The 1080p, AVC-encoded transfer on this film handles what the film has to throw at it well, which includes some very manipulated HD footage, some exceedingly dark scenes and some sharp outdoor daytime scenes on the ballfield. Color is bright and vibrant, especially all the red, and black levels are strong, while the level of fine detail is quite nice. The clarity works against the film at times, as the blood spray can look exceedingly artificial, but perhaps that's part of the film's over-the-top concept.
The DTS-HD Master Audio 5.1 track here gives the side and rear speakers a good deal of work, with nice atmospheric effects in the surrounds, though there's so much happening at times it can get a bit overwhelming and there's a lack of differentiation between the channels. However there's more than enough oomph to the mix, with some strong low-end and a clear presentation throughout. Most importantly, when it's going down on-screen, the audio keeps pace.
For a foreign B-movie, this release has some decent extras, starting with a 7:36 reel of cast interviews. Done on-set and in-costume with six members of the main cast, the piece lets them talk about the script, the characters and working with Yamaguchi. There's an interesting near-embarrassment in some of them in regards to what goes on in the film, and, not knowing much about Sakaguchi, he may actually be in character, as he drags on his cigarette between responses.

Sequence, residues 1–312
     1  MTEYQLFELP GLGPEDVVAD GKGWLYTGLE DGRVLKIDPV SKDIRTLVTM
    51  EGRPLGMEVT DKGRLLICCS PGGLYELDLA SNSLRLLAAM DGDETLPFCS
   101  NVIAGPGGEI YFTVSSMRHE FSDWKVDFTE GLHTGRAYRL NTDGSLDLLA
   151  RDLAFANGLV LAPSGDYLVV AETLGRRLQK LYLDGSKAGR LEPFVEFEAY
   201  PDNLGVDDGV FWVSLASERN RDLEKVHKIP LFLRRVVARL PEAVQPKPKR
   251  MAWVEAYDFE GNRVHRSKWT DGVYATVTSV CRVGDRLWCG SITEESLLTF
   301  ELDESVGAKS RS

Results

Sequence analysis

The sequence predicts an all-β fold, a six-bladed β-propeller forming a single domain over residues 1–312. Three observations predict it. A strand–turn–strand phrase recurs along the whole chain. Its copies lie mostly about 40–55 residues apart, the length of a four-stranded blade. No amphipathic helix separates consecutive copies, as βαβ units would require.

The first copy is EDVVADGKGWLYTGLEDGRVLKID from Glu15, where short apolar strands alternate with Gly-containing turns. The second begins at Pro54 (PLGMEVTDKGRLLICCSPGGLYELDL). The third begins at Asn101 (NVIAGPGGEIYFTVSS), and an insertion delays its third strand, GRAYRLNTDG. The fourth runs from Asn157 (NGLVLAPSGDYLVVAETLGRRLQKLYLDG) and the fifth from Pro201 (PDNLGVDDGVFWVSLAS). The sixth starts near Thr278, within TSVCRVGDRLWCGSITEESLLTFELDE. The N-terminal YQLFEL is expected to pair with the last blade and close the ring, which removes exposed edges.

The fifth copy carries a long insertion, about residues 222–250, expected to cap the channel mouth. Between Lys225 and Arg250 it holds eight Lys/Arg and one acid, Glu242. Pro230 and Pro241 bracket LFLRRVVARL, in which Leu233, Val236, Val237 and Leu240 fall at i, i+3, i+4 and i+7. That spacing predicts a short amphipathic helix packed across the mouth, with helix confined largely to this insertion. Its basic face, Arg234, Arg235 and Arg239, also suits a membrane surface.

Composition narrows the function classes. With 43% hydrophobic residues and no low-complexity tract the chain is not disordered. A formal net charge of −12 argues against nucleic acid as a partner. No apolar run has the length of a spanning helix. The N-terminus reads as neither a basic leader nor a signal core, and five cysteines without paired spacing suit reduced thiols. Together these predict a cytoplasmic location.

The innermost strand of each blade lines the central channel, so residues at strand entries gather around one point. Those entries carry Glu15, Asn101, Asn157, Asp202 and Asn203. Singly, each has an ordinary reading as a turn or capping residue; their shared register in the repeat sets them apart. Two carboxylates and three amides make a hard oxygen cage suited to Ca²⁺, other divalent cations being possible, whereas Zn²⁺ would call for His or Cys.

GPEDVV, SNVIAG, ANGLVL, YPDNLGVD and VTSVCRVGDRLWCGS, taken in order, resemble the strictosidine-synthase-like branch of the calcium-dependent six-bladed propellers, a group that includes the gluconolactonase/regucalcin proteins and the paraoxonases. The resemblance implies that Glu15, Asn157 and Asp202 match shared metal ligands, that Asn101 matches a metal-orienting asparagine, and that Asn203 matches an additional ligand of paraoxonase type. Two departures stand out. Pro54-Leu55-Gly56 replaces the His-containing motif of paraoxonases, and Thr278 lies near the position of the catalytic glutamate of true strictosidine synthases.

"Making of Deadball" (12:18) is a run of clips of on-set footage, showing how the film was made. The most interesting things here are the up-close looks at the effects work on the film, some of the filming flubs, and the strangeness that makes Yamaguchi happy.
Though the insights these extras provide were welcome, a spinoff short, Final Deadball (20:43) is the most intriguing extra. An alternate branching of one character's story, it's something like an episode of The Twilight Zone, in a story that's somewhat about trying to escape your destiny. It's pretty much nothing like Deadball in tone, but it's worth a look.
Wrapping thing up are eight Sushi Typhoon trailers, including one for Deadball. These are entertaining in their own right.
The Bottom Line
I'm not going to pretend that this film was headed for greatness, but the first half is a much different animal than the second half, which is a disappointment following the ridiculously goofy fun that permeates the movie's beginning. On the positive side, it's never boring, the presentation is solid across the board and there are a few quality extras to check out. If you're a fan of Sam Raimi's early work, you'll definitely want to give this one a look, just keep your expectations low.
Francis Rizzo III is a native Long Islander, where he works in academia. In his spare time, he enjoys watching hockey, writing and spending time with his wife, daughter and puppy.Follow him on Twitter
*The Reviewer's Bias section is an attempt to help readers use the review to its best effect. By knowing where the reviewer's biases lie on the film's subject matter, one can read the review with the right mindset.